Sony MDR-NC500D Digital Noise Canceling Headphone (Black)

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  1. Farmer Giles
    "Sony NCAA-500D Review and comparison to Bose QC"
    Pros - Class leading noise cancellation using digital signal processing
    Cons - Slight bass roll-off, but negligible issue for an NC headphone.
    I posted this as a long answer to the other review, but felt that I would post it as a review here too....

    I bought a pair of the Sony NC500D headphones in Tokyo in 2009 - simply because they were the only ones that were using digital noise cancellation, and when trying them in a busy and noisy Tokyo electronic store, they really stood out as being uncannily quiet.
    Frankly the NC circuit blew me away.
    I'm pleased to report that they've been in frequent use ever since - mainly by me.
    I have also used a pair of Bose QC3's and QC15's for a number of long flights and train journeys, since these are owned by family members too.
    Probably the best comment I may make is that there is always a challenge in my "finding" the Sony NC500D's since they seem to be preferred by all here. I'll try and be as objective as I can in why I think that might be, but both the Bose QC's are very good too. We are talking fractional differences between the QC15 and the NC-500D in my opinion, bearing in mind that they are of the same over ear design...
    The 'on ear' QC3's are OK, but cancel less external noise in my view, and are my least preferred.
    Sound wise the QC15's are good, as are the Sony NC-500D's though they may be slightly lacking in bass punch in direct comparison.... My view on this however is that you don't buy NC headphones for audiophile quality - you buy them to isolate background noise and get as good a sound as possible once that's done....

    This noise cancellation is where in my view the NC-500D's really excel. The dramatic reduction in external noises (there are two manual settings and an automatic) is eerily quiet, so much so that one of my family can't wear them since they make them feel uneasy/queasy with so little noise - especially in a relatively quiet environment. It is from that base quietness that the perfectly good sound quality can then come though. In my view and that of the 2 members of my family I've actually asked, we'd place the three NC headsets in this order:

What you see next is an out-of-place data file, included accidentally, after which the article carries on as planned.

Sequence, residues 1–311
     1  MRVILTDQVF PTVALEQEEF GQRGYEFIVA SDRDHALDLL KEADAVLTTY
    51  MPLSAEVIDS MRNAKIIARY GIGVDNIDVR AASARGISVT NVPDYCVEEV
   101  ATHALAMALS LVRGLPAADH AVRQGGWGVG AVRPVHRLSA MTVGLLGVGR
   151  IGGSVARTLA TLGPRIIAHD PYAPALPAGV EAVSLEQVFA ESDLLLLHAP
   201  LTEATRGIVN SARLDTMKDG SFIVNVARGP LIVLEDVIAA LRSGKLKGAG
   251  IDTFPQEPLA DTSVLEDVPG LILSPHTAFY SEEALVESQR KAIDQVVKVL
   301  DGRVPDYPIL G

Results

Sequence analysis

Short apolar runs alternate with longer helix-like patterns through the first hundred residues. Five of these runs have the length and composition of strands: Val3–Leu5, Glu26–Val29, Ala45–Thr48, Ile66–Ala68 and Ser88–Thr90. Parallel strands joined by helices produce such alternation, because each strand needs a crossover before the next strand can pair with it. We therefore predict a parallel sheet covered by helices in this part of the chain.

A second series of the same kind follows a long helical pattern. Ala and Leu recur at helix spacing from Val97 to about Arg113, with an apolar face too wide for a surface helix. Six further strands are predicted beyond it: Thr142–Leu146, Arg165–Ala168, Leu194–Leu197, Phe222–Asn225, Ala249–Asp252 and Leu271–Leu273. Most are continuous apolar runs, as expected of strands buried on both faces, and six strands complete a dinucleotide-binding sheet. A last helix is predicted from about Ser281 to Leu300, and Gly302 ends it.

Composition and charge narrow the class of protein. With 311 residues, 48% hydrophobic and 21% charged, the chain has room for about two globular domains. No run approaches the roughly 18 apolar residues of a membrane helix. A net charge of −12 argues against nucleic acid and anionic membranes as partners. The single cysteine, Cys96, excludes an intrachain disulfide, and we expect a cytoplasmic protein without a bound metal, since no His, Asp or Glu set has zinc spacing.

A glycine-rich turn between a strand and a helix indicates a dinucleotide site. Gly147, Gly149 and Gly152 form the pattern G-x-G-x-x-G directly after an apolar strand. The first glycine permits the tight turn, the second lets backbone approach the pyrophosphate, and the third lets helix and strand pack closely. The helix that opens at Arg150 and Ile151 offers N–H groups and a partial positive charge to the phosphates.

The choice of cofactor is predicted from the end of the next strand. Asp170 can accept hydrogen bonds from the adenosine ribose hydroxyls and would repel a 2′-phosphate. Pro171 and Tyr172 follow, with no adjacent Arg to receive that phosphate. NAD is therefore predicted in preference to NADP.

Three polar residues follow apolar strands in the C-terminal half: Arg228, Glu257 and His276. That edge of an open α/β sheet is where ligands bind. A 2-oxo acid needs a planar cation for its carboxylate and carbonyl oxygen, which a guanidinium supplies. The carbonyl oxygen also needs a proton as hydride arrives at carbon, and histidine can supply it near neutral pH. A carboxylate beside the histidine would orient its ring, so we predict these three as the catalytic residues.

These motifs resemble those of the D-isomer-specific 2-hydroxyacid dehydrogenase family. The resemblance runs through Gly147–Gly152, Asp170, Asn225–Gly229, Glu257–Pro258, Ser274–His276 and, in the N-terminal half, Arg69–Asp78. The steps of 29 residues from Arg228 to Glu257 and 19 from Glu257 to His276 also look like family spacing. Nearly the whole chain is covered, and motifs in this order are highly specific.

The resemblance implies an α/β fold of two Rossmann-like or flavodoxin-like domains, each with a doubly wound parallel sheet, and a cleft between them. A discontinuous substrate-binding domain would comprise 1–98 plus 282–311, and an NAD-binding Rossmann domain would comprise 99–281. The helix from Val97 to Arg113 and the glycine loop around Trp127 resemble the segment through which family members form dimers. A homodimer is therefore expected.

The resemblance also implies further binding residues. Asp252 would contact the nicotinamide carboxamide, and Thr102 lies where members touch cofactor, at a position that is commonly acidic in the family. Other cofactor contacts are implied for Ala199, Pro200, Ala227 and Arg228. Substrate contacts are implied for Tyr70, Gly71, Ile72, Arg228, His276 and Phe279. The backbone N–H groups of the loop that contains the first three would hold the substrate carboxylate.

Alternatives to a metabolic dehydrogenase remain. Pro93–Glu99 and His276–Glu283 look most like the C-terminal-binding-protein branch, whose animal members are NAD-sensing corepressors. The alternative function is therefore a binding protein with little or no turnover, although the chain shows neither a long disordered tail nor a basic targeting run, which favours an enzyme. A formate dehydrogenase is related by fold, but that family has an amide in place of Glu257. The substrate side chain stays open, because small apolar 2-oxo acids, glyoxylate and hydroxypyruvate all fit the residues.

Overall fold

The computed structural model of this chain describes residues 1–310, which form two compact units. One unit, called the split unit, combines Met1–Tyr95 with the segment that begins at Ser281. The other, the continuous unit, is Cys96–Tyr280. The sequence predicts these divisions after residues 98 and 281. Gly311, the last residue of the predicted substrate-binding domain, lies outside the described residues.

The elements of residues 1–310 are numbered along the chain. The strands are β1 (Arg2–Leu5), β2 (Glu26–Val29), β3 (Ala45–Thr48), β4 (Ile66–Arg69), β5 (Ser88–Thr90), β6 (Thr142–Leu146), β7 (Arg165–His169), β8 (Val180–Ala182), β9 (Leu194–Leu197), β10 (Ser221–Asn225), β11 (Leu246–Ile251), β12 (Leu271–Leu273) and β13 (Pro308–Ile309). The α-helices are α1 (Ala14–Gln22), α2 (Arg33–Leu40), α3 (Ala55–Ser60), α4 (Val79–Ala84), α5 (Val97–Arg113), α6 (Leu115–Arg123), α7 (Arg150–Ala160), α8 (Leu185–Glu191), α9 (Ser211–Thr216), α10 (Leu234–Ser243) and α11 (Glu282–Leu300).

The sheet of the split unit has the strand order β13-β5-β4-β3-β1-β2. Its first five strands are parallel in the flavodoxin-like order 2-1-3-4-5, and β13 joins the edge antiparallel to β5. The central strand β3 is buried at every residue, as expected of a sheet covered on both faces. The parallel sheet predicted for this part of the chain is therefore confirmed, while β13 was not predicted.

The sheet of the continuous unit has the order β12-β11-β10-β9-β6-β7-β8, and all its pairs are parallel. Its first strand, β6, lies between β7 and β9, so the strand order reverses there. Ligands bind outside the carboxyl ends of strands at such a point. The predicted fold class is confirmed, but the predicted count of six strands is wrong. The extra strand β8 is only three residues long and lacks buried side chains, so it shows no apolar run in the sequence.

1.Sony NC-500D
    2.Bose QuietComfort 15
    3.Bose QuietComfort 3

    To be clear, I tend to use these Sony NC-500D when I just need a bit of peace and quiet, or listen to something when other stuff/noise is going on. If I want to listen to audiophile quality, then I use the closed back Denons or the open Sennheisers depending on need.
    The Sony's really get used with my iPad (travelling or at home) or the TV when I want to watch films, or listen to the 256k AAC tracks on the iPad. When briefly travelling away for a few days, I use the Sony NC-500D's with my solid state drive iMod (all Apple lossless tracks) for music. I tend not to use the Graham Slee Voyager with the Sony NC-500D's (more to carry) but if I'm away for a bit I'll pack the Voyager and the Denons in my checked baggage so I have half decent sounds in my hotel/base in the evening.

    In short, I'd recommend both the Sony NC-500D's and the Bose QC15's - but if I could only have one, it'd be the Sony's - for the peace and quiet they bring.
  2. SonyMDRer
    "Sony MDR-NC500D (Better NC circuit than the Bose QC2, but not better than the Bose QC15)"
    Pros - Relatively good NC circuit, really nice upper-mids
    Cons - Was expensive (notice 'was"), sounds a bit digital, treble rolled-off
    For a headphone that is now celebrating it's 6th birthday (in the technology world, it is already outdated), it is surprising how well the NC still performs, even compared to today's standard.
    When the headphone was first announced in August of 2008, it had a whopping MSRP of $499 in Canada. However, a few years after that, it was discontinued at a final sale price of $199. 
    I do share some disappointment with these headphones and it is that there appears to have a digital artifact in the bass region. Furthermore, the treble seems to roll-off which made the headphone lacked sparkle and detail. 
    With all the complaints that is said and done, I believe this headphone excelled greatly in the mid region all the way up to the upper mid region. And more importantly, I thought the NC circuit was very well done, especially how well the 3 modes compliment each other. I would argue that the MDR-NC500D's NC circuit is very well made, and I would place it above the Bose QC2, but not above the Bose QC15.
    For a more detailed review, please take a look at my video review located here: